History of the Vaught F4U Corsair Plane

If youíve never seen a Corsair before, your first glance at the outsized propeller and "bent" wings might leave you with the feeling that either this warbird was assembled from parts that didnít match or it has met with some sort of disaster. But from all these outsized and mismatched parts came one of WWIIís greatest fighter planes. It could outfight, out climb and (if need be) outrun any prop driven enemy. The original Corsair plane, seen below, has been recreated in the form of a very popular pedal plane, called the Corsair Pedal Plane.  

The US Navy Bureau of Aeronautics had a long tradition of issuing proposals for aircraft which pushed the limits of available technology. This stimulated the manufacturers ability to respond with new technology to meet the challenge. When "BuAer" sent its proposal for a high performance, carrier based fighter to United Aircraft Corporation (parent company of Vought-Sikorsky) on February 1, 1938, it seemed the Navy might have pushed technology to the point of giving it a hernia. C. J. McCarthy, who was Voughtís General Manager, called in the companyís chief engineer, Rex Beisel. Rex was one of those people who lived by the old motto "The difficult we do immediately. The impossible will take a week, ten days at the most." An elite team was selected for the development of Vought Design #V-166; Frank Albright as project engineer; Paul Baker as aerodynamics engineer; James Shoemaker as propulsion engineer. Each had an assistant. These engineers submitted their work to Beisel who then integrated it all into a final design.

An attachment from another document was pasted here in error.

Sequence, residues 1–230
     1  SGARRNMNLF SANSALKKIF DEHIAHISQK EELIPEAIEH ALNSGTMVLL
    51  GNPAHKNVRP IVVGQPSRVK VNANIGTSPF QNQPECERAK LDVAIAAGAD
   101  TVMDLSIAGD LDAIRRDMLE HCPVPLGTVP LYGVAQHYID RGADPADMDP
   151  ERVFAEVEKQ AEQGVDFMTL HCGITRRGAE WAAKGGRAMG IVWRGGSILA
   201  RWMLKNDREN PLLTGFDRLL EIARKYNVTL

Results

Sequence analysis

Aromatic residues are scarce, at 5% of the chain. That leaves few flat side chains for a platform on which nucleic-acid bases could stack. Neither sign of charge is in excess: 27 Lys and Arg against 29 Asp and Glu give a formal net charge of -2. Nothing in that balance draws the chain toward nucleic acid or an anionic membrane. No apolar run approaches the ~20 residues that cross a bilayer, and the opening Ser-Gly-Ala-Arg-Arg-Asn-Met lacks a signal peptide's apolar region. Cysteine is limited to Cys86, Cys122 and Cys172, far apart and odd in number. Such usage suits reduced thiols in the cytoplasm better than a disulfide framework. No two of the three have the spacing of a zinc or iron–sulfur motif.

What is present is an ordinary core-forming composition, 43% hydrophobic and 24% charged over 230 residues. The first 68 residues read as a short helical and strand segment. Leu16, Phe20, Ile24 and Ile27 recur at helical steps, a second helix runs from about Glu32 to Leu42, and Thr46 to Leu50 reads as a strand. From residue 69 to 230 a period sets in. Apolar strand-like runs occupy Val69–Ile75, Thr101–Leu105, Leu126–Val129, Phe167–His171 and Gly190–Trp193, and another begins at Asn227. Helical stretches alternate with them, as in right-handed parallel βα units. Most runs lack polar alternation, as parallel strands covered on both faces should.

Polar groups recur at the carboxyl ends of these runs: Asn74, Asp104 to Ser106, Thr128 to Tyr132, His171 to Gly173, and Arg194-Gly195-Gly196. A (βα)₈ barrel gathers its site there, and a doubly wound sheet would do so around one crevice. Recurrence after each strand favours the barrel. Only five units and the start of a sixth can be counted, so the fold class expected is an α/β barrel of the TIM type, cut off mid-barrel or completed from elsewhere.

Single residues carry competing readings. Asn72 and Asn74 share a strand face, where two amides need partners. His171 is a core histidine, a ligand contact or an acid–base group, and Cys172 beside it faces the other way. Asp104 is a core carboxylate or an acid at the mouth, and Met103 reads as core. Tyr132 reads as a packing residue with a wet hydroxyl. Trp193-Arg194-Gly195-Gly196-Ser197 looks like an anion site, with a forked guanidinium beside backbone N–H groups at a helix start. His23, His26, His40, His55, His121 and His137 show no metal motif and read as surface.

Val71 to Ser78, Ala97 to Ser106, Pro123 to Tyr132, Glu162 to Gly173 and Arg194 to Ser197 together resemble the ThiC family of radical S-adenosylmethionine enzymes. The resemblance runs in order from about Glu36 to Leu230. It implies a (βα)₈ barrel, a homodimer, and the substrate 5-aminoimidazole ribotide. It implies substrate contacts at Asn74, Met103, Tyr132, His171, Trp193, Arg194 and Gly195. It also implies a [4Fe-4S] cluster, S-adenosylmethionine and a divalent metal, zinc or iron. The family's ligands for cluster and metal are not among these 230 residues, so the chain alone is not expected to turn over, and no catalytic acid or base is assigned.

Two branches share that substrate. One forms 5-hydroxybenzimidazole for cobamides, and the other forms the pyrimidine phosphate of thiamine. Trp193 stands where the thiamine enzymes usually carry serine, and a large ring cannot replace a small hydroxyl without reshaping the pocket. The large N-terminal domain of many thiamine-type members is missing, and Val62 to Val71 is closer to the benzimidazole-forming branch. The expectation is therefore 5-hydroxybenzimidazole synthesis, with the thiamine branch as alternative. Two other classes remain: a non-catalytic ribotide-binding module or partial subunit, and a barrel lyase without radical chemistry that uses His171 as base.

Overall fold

Early on, Shoemaker chose the Pratt-Whitney R-1830 Wasp air-cooled radial engine because of itís long history of reliability, and the V-166-A was designed around this engine. But, in 1940, the BuAerís quest for speed resulted in a switch to the experimental XR-2800-4 version of the Pratt-Whitney Double Wasp, with a two-stage supercharger for the prototype XF4U-1 Corsair. The R-2800 engine was the most powerful engine in the world in 1940, exceeding 100 hp (74.6 kW) per cylinder for each of its 18 cylinders. The change in engines resulted in the design number being changed to Vought Design #V-166-B. The V-166-A was never built.

With the awesome 2,804 cubic inch (46 liter) Double Wasp air-cooled radial engine developing 1,850 hp (1,380.6 kW), the only way to convert that kind of horsepower efficiently into thrust was with a huge Hamilton Standard Hydromatic, 3 blade prop which measured 13 feet 4 inches (4.06 meters) in diameter. And that created a problem of deck clearance for the prop. It seemed either the main landing gear had to be lengthened, or the prop had to be shortened.

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source: www.aviation-history.com